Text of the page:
Dairy farmers with roots in Holland establish North County campus legacy
Written by Rhonda Morin
Growing up on dairy farms instilled a lifelong passion for Hank Boschma and his future wife, Bernice. Early morning milking, feeding, calving, mucking the stalls and moving the cows to pasture was physically demanding. However, the work was also rewarding and it shaped their future while living in the province of Friesland, in the northwest of the Netherlands.
Graphic by Wei Zhuang, Clark College
One of eight children, Boschma grew up in the village of Oppenhuizen and Bernice in the even smaller village of Tjalhuizen with her 10 brothers and sisters. Farming was a necessity and their family’s way of life, while education was secondary. Bernice attended elementary school through the 6th grade, than transitioned to a girls-only school for two years to learn mathematics, sewing, housecleaning and cooking. Boschma finished a year of farm school following graduation from 7th grade.
Boschma intended to be a dairy farmer. There were multiple boys in his family and traditionally an older brother would take ownership of the family farm. In order to achieve his dream of being a small business owner, Boschma decided to try his luck in the United States. He contacted a brother who already lived in the U.S., immigrated to Southern California in 1955 and remained there for the next five years.
It was on return trips home that he reconnected with Bernice and they fell in love. She was 23 when he asked her to leave the life she knew and move to California for an opportunity to start their own dairy business. She accepted. The couple married in the U.S. and a year later—in 1962—they moved to Woodland, Wash., to rent farmland.
The Boschmas relocated to Ridgefield in 1965, renting land northeast of the Interstate 5 junction at Pioneer Street. They bought 110 acres from Thelma Lund in 1968, added another 75 acres later and farmed the land until 1979. Starting with 44 Holsteins, by the time they rented the land in 1979 to move to Ferndale, Wash., there were 200 head.Fast forward to 2014 and the same land that sustained the Boschma family in the early years is now the future home of Clark College. In May, Clark College Foundation received a $3.12 million gift of land from the family, in addition to paying $5.67 million, for 59.24 acres.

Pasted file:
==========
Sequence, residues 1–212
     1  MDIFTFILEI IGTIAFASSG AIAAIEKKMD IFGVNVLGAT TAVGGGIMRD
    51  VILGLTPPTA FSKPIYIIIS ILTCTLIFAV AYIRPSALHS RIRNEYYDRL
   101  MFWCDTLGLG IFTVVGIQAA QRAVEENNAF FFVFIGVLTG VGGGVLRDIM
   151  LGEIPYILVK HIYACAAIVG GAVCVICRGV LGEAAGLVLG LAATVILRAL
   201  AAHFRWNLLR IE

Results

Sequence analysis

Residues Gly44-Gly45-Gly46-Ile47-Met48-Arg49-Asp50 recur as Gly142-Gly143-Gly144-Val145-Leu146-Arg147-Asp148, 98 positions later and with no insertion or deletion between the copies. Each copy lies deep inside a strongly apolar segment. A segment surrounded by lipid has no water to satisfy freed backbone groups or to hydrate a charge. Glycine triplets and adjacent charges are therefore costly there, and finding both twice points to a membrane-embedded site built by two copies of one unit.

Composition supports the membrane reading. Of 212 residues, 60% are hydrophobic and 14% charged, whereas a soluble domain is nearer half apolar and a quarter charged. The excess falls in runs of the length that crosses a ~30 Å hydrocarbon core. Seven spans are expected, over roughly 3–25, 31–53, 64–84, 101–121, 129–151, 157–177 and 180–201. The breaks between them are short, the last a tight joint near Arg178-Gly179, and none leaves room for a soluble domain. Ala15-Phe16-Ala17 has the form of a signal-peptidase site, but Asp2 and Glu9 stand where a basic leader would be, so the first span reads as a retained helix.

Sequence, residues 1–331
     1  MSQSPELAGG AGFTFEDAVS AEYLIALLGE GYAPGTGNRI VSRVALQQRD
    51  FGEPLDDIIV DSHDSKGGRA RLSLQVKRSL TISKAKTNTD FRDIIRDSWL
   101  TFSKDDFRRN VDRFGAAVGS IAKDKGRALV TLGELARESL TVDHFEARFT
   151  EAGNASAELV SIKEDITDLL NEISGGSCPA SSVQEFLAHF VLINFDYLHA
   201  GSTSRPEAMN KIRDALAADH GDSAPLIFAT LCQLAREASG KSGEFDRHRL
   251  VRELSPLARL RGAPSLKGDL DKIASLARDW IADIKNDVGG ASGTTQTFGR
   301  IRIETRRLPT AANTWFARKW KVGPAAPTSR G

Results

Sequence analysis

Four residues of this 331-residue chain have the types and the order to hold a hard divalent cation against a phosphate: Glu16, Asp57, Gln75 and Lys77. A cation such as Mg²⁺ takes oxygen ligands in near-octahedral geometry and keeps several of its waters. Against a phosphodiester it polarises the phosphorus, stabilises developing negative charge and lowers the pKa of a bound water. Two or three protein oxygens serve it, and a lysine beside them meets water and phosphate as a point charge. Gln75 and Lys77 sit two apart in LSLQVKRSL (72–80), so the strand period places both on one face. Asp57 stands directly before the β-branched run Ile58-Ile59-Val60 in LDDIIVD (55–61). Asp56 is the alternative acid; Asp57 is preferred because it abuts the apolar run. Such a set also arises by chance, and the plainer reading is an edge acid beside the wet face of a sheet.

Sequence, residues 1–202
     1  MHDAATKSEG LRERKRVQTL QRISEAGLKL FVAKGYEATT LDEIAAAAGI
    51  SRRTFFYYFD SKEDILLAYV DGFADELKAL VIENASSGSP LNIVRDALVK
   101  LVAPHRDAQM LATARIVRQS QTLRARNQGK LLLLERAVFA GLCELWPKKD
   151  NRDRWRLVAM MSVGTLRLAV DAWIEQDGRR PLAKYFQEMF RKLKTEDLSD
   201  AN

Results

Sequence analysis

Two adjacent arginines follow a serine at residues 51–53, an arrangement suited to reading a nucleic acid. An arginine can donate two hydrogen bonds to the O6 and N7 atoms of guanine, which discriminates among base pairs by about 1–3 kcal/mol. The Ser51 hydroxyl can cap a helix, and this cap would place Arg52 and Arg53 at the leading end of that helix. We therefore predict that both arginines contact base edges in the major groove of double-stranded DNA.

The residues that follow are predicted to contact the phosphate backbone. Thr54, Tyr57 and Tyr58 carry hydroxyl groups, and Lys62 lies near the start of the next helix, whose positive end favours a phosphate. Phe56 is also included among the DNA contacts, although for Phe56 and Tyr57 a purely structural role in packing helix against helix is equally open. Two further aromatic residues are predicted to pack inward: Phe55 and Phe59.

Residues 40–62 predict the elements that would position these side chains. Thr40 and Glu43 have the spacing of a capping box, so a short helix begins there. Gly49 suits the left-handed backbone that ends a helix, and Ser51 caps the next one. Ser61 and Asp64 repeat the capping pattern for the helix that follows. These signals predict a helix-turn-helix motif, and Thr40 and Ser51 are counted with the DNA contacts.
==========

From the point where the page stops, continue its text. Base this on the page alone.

Furthermore, the foundation announced a second land donation in June from Ridgefield East 1 Associates LLC. The 10 acres is adjacent to the Boschma tract and a roundabout, thereby serving as a gateway to the new campus. The Ridgefield East transaction consisted of a $731,550 land donation, accompanied by a $1.99 million purchase price.
Clark College at Boschma Farms—as the campus will be known—is expected to be a boon for the region and represents a long-term visionary chapter for the growth anticipated at Clark College. The college’s 2007 Facilities Master Plan identified North County as an area where the college could fulfill its mission of providing access to an underserved area of the service district. The Washington State Board of Community and Technical Colleges has prioritized building projects for the upcoming biennium. Depending on the state-funding process, construction of the first building could occur in 2020.
Photo by Jenny Shadley, Clark College
Boschma, 80, and Bernice, 76, now live on a 20-acre tract of land in Lynden, Wash., where Boschma continues to drive his tractor and grow grass for cattle. “He loves to farm,” said his daughter, Shirley Rubbert, adding, “He’ll never be done with farming.”
The Boschmas are excited about the opportunities the Ridgefield land will offer the community. They themselves benefited from a Clark experience early in their lives: each took a citizenship course in preparation for the national exam. Boschma became a U.S. citizen in 1967; Bernice in 1978. Also, their daughter Gerry attended Clark.
“My parents are pleased that there will be many benefits for the residents who will have higher education nearby and for the revenue that will be generated for the city of Ridgefield,” said Rubbert.